See Also: US media on Giffords shooting
Commentators in the US media have been quick to react to the shooting of Congresswoman Gabrielle Giffords and 18 others in Tucson, Arizona.
Of course, the human losses of today's attacks in Arizona are immeasurably greater than any political or social toll. But it would be irresponsible to fail to note that a young, highly educated, ambitious Jewish woman like Gabrielle Giffords, despite her centrism, represents much that is revolutionary and hopeful about the changing face of American politics, as well as about the new and varied paths and possibilities available to women. She is the kind of politician this nation could barely have imagined existing just a decade or two ago. And so, when I have been asked about which women are not yet national stars but have the peculiar, groundbreaking alchemy it might take to someday become the nation's first female president, again and again my answer has included the same name: Gabrielle Giffords.
Howard Fineman, writing for the Huffington Post, warns that voters are likely to lose access to politicians as a result of the attack:
The shooting of Rep Gabrielle Giffords is a watershed event in many ways, some of which we cannot yet know, but one of the clearest and simplest is this: Congress and its members are about to be permanently quarantined, physically isolated, from the people it and they represent.
The truth is there is evil in this world. Evil exists where God does not and as we drive God further and further away, evil creeps in more and more. Today was not a random act of violence. It was a profound evil. Let's not pretend it wasn't. Let's not pretend evil does not exist.
Paul Krugman, writing in his New York Times blog, considers the potential political ramifications:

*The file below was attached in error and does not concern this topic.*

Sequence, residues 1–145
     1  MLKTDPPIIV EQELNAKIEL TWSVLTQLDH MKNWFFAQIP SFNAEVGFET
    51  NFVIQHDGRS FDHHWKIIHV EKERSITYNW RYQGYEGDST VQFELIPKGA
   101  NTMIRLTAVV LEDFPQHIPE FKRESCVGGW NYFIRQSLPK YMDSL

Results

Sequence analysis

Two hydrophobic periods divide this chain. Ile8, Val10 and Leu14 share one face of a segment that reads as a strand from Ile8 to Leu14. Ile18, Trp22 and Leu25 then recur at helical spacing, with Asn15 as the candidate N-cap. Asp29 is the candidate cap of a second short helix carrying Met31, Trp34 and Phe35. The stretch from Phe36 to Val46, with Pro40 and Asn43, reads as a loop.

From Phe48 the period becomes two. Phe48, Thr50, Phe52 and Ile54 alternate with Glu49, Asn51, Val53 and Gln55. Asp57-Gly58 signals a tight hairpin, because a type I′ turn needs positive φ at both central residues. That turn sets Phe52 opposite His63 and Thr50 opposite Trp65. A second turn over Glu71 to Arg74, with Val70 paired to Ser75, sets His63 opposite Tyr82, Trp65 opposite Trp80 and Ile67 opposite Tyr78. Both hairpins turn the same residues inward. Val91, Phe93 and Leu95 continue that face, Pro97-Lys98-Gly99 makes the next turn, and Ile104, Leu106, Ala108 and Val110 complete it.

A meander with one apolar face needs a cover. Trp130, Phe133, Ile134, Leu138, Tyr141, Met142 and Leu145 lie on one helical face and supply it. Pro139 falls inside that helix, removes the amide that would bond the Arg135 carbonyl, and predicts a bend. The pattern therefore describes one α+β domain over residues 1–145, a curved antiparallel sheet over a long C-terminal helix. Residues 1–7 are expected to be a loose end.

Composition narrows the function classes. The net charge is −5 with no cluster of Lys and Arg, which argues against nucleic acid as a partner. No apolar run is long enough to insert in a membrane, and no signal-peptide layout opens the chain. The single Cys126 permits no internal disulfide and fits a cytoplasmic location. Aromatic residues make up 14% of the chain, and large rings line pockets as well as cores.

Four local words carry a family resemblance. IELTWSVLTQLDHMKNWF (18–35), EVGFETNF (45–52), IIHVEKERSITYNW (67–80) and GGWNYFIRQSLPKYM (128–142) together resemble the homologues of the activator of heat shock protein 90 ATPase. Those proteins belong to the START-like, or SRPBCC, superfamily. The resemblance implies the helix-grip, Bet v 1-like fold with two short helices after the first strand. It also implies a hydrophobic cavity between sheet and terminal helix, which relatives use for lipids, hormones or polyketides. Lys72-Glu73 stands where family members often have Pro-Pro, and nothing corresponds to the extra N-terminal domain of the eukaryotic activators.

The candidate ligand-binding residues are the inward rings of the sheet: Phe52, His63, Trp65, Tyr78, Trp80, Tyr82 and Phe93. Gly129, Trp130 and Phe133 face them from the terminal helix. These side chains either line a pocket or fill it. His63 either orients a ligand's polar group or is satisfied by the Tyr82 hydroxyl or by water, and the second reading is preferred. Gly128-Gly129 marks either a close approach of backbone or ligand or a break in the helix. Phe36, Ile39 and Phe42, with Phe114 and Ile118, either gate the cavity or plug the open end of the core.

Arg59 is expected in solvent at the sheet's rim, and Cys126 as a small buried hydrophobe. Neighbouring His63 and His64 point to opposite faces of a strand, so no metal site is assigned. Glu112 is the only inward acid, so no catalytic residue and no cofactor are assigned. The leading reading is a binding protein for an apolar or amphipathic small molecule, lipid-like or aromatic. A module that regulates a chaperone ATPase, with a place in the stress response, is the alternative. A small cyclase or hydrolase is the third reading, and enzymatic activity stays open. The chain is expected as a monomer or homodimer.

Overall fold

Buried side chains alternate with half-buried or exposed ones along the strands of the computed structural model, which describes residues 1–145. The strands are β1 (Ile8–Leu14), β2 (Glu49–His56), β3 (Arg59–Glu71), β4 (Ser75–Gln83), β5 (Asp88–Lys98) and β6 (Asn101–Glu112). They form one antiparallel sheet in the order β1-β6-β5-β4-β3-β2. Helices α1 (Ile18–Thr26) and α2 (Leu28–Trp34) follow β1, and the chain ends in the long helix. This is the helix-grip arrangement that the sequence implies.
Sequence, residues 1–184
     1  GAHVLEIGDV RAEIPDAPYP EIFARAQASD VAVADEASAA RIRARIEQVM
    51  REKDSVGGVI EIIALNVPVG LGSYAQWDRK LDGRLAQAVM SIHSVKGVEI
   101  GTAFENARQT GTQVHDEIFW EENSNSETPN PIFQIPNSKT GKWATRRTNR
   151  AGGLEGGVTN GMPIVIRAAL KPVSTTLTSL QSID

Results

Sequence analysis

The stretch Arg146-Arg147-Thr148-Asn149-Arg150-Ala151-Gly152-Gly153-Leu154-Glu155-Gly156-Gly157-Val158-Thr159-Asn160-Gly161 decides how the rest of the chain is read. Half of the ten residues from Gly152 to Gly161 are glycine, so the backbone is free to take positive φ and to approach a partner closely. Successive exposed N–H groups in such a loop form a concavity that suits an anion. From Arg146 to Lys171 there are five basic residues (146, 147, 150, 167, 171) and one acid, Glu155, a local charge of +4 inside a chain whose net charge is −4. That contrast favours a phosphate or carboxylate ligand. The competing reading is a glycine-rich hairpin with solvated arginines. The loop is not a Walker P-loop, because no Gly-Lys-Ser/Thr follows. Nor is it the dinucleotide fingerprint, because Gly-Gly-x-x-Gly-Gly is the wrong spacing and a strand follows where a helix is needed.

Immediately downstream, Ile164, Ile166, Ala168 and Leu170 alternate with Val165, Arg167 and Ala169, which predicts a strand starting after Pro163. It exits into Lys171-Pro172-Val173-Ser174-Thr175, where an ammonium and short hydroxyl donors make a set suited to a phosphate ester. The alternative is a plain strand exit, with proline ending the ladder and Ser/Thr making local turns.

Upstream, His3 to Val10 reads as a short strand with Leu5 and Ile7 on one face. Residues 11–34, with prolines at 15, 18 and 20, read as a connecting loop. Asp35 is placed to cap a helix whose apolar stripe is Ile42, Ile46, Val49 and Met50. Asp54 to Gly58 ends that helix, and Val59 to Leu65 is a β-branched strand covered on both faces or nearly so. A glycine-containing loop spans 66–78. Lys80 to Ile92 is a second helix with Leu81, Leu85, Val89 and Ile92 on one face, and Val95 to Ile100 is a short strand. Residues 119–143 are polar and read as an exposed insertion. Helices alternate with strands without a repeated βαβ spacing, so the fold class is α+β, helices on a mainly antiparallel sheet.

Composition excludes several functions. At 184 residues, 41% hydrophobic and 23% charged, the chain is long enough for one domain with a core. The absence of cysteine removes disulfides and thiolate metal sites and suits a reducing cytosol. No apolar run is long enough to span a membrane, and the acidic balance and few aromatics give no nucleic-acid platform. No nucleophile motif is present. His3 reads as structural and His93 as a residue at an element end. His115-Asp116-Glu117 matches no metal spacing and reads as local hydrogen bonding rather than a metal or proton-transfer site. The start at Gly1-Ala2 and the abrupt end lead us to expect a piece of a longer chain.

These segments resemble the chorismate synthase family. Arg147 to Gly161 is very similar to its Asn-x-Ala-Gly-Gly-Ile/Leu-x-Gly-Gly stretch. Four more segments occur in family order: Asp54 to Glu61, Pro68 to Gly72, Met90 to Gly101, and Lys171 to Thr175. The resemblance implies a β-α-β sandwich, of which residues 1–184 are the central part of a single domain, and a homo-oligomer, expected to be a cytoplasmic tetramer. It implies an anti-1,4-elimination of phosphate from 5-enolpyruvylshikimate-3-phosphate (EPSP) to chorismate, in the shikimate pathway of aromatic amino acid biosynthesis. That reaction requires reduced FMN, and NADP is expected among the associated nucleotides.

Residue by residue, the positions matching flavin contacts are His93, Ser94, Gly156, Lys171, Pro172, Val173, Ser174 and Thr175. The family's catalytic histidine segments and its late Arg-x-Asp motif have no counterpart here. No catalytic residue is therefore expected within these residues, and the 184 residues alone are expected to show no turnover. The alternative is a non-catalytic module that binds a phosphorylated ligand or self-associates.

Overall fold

We don't have proof yet that this was political, but the odds are that it was. She's been the target of violence before. And for those wondering why a Blue Dog Democrat, the kind Republicans might be able to work with, might be a target, the answer is that she's a Democrat who survived what was otherwise a GOP sweep in Arizona, precisely because the Republicans nominated a Tea Party activist. (Her father says that "the whole Tea Party" was her enemy.) And yes, she was on Sarah Palin's infamous "crosshairs" list.
Just yesterday, Ezra Klein remarked that opposition to health reform was getting scary. Actually, it's been scary for quite a while, in a way that already reminded many of us of the climate that preceded the Oklahoma City bombing.
You know that Republicans will yell about the evils of partisanship whenever anyone tries to make a connection between the rhetoric of Beck, Limbaugh, etc and the violence I fear we're going to see in the months and years ahead. But violent acts are what happen when you create a climate of hate. And it's long past time for the GOP's leaders to take a stand against the hate-mongers.
Writing in the National Journal, Matthew Cooper notes that a grim first has been recorded:
The shooting of Giffords - a mother (her husband had children by a previous marriage), a young woman of 40, the wife of an astronaut and the in-law of another who is currently in space - is horrible by any measure. It is the first time a female elected federal officeholder has been shot.
It's a reminder that female politicians are no more protected than female cops or firefighters, soldiers or corrections officers. And yet the first time we hear about a mother killed in the line of duty or a female POW, it curdles the stomach, not because of paternalism but because it marks a new barrier of decency that's been broken.